Engineered or Solid? Kitchen install ok? Lower level install?


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Old 07-05-11, 11:55 AM
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Engineered or Solid? Kitchen install ok? Lower level install?

I'm buying a split level townhome that's in need of new flooring throughout. We plan to live here for a couple of years and then turn the property into a rental.

I installed laminate in my existing home, and I don't really think it's a great idea for a rental because I don't see how it can be repaired without removing virtually all of the flooring.

On the other hand, solid wood floors can be repaired, refinished and last for decades.

My thought is to go with a common, unfinished, inexpensive species so that even if the manufacturer goes out of business or stops producing our particular product, we should still be able to match it for years.

So here are my questions..
1) Can engineered floors be repaired & refinished like solid wood?
2) If the engineered product we pick is discontinued, would we be able to find a match 10 years from now?
3) I've gotten mixed information on whether wood flooring is a good idea in the kitchen. Any thoughts?
4) My expectation is that the existing subfloor is 2x6 or 2x8 at 16" with 3/4 OSB. Can I lay directly on that or should I add another layer of plywood?
5) The layout of the home requires that the flooring be installed in a certain direction. Can I install parallel to the joists if I add another layer of plywood?
6) The home also has a finished lower level. I wouldn't call it a basement because the floor is only about 4' below grade. Solid and engineered floors would still be a no-no here, right? What would be a better choice?

Thanks!
 
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Old 07-05-11, 01:30 PM
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We had vinyl in all of our rentals when they were built and have been replacing it, when needed, with ceramic.

I would not put wood of any kind in a rental, but that's just my opinion.
 
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Old 07-05-11, 02:08 PM
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1) No. You are nailing down the oak, the engineered will be click lock most likely.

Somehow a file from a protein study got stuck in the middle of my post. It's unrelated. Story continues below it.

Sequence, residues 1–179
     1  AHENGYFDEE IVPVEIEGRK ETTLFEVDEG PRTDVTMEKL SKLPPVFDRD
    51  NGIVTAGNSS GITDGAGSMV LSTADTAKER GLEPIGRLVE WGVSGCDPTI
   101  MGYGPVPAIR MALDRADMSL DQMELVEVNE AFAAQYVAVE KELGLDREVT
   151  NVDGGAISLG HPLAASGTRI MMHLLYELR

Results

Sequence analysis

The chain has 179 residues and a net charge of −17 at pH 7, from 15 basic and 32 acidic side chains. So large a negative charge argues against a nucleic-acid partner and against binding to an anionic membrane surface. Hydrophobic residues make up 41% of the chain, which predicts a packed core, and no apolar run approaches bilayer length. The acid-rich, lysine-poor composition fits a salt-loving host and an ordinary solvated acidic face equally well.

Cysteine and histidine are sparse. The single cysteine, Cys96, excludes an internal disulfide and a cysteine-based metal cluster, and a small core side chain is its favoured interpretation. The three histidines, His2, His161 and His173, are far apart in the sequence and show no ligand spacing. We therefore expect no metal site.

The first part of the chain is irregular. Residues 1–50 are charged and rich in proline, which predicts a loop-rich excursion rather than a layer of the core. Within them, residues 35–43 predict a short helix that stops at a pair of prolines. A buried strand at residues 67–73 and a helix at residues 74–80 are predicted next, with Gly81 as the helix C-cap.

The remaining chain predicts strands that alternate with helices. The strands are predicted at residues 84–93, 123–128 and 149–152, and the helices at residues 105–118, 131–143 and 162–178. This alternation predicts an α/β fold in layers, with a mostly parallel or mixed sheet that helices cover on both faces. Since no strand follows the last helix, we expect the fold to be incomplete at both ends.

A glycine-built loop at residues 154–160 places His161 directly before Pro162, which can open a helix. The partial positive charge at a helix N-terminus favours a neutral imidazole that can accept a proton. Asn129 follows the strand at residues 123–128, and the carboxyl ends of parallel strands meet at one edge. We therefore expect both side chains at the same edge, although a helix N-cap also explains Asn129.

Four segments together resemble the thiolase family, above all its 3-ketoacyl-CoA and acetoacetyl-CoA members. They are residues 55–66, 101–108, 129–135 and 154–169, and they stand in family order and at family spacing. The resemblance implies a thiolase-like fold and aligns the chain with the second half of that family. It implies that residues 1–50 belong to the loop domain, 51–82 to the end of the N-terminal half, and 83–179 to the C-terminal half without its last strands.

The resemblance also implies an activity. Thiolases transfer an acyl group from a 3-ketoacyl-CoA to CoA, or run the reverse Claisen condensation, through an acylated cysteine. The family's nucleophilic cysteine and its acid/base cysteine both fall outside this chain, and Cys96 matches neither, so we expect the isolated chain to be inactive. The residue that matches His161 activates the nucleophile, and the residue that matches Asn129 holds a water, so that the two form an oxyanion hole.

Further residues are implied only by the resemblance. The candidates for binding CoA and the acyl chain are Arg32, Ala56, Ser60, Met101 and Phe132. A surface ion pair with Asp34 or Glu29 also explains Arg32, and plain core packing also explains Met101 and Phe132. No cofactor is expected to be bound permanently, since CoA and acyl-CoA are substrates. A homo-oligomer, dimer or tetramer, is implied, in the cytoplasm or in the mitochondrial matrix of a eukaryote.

2) Always buy 10% more than the job calls for, keep the left overs protected until "that day".
3) Wood flooring is not my first choice. Any water problems you (or your renters) encounter such as leaking faucets they forget to tell you about will manifest itself in solid wood via warping.
4) Without knowing exactly what you have it would be difficult to tell. Sometimes adding an additional 1/2" plywood is a good stabilizer.
5) While it is always best to lay hardwood perpendicular to the joisting, I have had the same situation that dictated the opposite. No problems after 5 years, so I'd say you would be fine.
6) Opposite. I would recommend engineered flooring over a good manufacturer's recommended vapor barrier. Click lock works great. Ceramic tile is also a good choice for below grade.

I have to agree with Mitch, however, kitchen=ceramic. Almost bullet proof.
 
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Old 07-05-11, 02:20 PM
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Awesome answers, guys..

Ceramic in the kitchen & baths, then solid wood in the living room and hallway upstairs.

The wife wants a cozy, rustic look downstairs so ceramic probably wouldn't work. Plus, the floor would be pretty darn cold in the winter. Engineered would be my next choice, but it wouldn't match the solid wood upstairs and again, I'd like something that I could repair & refinish..

I hate to say it, but it sounds like we might have to do carpet down there..
 
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Old 07-06-11, 07:44 AM
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We have carpet in the basement of all of our rentals, hasn't been a problem - you just have to make sure you don't have moisture problems down there.
 
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Old 07-06-11, 02:03 PM
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Well, our decision just got a little simpler.. Or maybe more complicated depending on how you look at it.

As it turns out, the townhome association does not allow rentals. That's not the end of the world for us because we should be happy enough living here for 2-4 years and buying SFH rentals.

Anyway.. This means that long-term life or "repairability" isn't as big of a factor to me. So it seems like engineered might be the way to go since we could match the upstairs & downstairs. It also sounds like engineered installs like laminate, so I won't have to buy or learn how to use any new tools.
 
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Old 07-06-11, 03:02 PM
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If you use the click lock engineered flooring, you will be surprised how fast it goes and how well it looks. I have a 3 man crew with one cutting and one fitting and me looking at them work . Did 800 sf in a two day span....2 bedrooms, main room and a hallway.
 
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Old 07-06-11, 03:19 PM
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Originally Posted by chandler View Post
. I have a 3 man crew with one cutting and one fitting and me looking at them work .
I hope you were at least doing some pointing Chandler.
 
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Old 07-07-11, 05:03 AM
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Basically that's all they let me do any more. Their instructions...."don't let us run out of material and don't let us run out of jobs...other than that stay out of our way". I got a good crew.
 
 

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